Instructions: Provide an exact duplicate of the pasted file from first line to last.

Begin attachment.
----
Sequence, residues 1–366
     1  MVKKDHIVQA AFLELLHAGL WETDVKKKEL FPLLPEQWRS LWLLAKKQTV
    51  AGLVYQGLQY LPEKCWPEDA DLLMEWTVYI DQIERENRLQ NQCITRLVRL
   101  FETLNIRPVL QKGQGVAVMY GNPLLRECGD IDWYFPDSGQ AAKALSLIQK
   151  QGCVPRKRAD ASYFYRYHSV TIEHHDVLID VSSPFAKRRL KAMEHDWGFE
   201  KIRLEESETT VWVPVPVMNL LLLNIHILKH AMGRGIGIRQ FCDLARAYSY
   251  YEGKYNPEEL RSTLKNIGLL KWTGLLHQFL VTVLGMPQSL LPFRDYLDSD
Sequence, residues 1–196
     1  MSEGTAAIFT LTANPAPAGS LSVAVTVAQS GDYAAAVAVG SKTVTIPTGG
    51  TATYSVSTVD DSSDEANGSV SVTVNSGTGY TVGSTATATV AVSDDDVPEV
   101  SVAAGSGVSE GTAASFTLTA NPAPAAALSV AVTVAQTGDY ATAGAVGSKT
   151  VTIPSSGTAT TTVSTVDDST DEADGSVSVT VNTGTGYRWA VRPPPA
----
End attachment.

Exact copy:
Sequence, residues 1–366
     1  MVKKDHIVQA AFLELLHAGL WETDVKKKEL FPLLPEQWRS LWLLAKKQTV
    51  AGLVYQGLQY LPEKCWPEDA DLLMEWTVYI DQIERENRLQ NQCITRLVRL
   101  FETLNIRPVL QKGQGVAVMY GNPLLRECGD IDWYFPDSGQ AAKALSLIQK
   151  QGCVPRKRAD ASYFYRYHSV TIEHHDVLID VSSPFAKRRL KAMEHDWGFE
   201  KIRLEESETT VWVPVPVMNL LLLNIHILKH AMGRGIGIRQ FCDLARAYSY
   251  YEGKYNPEEL RSTLKNIGLL KWTGLLHQFL VTVLGMPQSL LPFRDYLDSD
Sequence, residues 1–196
     1  MSEGTAAIFT LTANPAPAGS LSVAVTVAQS GDYAAAVAVG SKTVTIPTGG
    51  TATYSVSTVD DSSDEANGSV SVTVNSGTGY TVGSTATATV AVSDDDVPEV
   101  SVAAGSGVSE GTAASFTLTA NPAPAAALSV AVTVAQTGDY ATAGAVGSKT
   151  VTIPSSGTAT TTVSTVDDST DEADGSVSVT VNTGTGYRWA VRPPPA